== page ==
Lastly, Conan was never first level. I start PCs at 3rd or higher. When I ran my first group starting at 1st level, I let them know that we were doing it just to learn the system, and the NPCs would be at a lower level than normal.

But that's just me, eh?
Yeah, it would take all afternoon. But after the first waves, the soldiers will be fatigued, because they have to scale uphill to reach the heroes.

I think you can expect 10th-level chars to be immune to level-1 attacks except for the natural 20. Crits can be neglected because it would require 2 20s in a row. So if there are 200 archers in range, 10 arrows will hit each round. We can assume that half of those don't get past the DR, and the rest will do 1-5 points of damage.
So we have, on average, 30 points of damage per round, or 10 HP per character.
Each character will be able to kill off 2 to 8 fodder soldiers per round, depending on feats (great cleave) and fighting formation (better keep some space free for dodging the arrows). If any soldiers get the chance to attack in melee, they'll also need a Nat20 to hit and do a few points of damage.

Prediction: the soldiers will drop like flies. However, the natural 20s should suffice to bring down the Lv10s in around 10 rounds.
The DMG has some guidelines for how many NPCs of a certain level are in a typical town of a certain population. Unfortunately, it's not in the SRD.

Typically, I've done the following:

Thugs, guards, soldiers, pirates - 1st level
Personal guards - 2nd-3rd level
Sergeants, avg. fanatic guards - 3rd level
Guard captains, pirate officers - 5th level
Fanatic guard captains - 6th level
Major NPCS: Pirate captain, merchant prince, high priest - 10th level

I've stayed away from higher level NPCs for this first story. The PC's are 5th-6th level.
Though it's a fair point that enlisted soldiers should be proficient in one type of formation combat, and thus should be Level 3, the book states otherwise.

The Aquilonian forces are described in good detail, and it clearly states that the largest share are level 1 soldiers; some more specialized troops are level 2, and most knights are lv 2 to 3 soldier/noble multiclass.

You could explain it this way: soldiers _do_ fight in formations, but they do not get a special benefit out of doing so by default. Only veterans and similarly experienced soldiers can use the formations to their advantage.
Oh yeah, I know what the book says about levels. It also says Nemedian Adventures are 3rd level, IIRC. :? Is the book referring to a kingdom's standing army, or its wartime army?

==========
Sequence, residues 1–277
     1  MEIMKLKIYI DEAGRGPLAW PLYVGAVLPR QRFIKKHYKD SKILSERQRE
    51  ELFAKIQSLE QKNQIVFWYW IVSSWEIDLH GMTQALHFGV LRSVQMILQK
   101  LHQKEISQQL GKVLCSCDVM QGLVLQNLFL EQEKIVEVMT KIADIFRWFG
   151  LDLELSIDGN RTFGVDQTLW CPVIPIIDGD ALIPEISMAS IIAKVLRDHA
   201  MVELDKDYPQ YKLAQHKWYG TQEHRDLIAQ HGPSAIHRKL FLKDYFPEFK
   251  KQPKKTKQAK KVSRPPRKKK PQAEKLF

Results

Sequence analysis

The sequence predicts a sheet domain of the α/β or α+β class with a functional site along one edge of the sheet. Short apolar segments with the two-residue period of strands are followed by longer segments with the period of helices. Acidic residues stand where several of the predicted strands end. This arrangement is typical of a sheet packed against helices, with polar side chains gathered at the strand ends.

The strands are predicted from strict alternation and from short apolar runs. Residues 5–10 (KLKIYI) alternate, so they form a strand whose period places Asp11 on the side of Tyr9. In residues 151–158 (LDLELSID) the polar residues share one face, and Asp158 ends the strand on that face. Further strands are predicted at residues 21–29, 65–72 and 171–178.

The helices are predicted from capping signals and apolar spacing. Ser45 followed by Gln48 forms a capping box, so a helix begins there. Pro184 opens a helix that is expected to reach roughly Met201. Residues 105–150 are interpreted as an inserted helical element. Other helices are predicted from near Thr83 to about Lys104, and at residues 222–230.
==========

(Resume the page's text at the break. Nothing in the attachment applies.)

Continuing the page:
Most people carrying weapons in a major battle would not be what I consider professional soldiers. When a king in a feudal society needs his army, he tells his dukes "I need 10,000 fighting men from you", who then tell their landed knights "I need 100 fighting men from each of you". These guys grab every available man who's been trained to hold a weapon (whom they're responsible for training, in preparation for this), meet up with their duke, who joins the king. (Yeah, that's pretty simplified. Who owes how many men to whom is a large part of what makes a feudal society.)

Most of that force will not be professional soldiers. They would be the 1st level schlubs who'll do most of the dying. The duke likely has surrounded himself with a core of knights (hopefully with 3 levels of soldier and cavalry formation fighting) and professional infantry. They would be a professional minority.

The king would also provide professional soldiers come from a) mercenaries, and b) honour guards.

So most soldiers would be first level, but they also spend most of their time doing something other than soldiering (milling, cobbling, etc.) and wouldn't consider themselves soldiers 11 months of the year.

Does that make sense? Am I loopy or ill informed here? I think that makes a playable gameworld where the guy guarding a village's bridge against bandits is 1st level, but a professional soldier knows how to fight in formation, can slap down the rubes and threaten high level characters.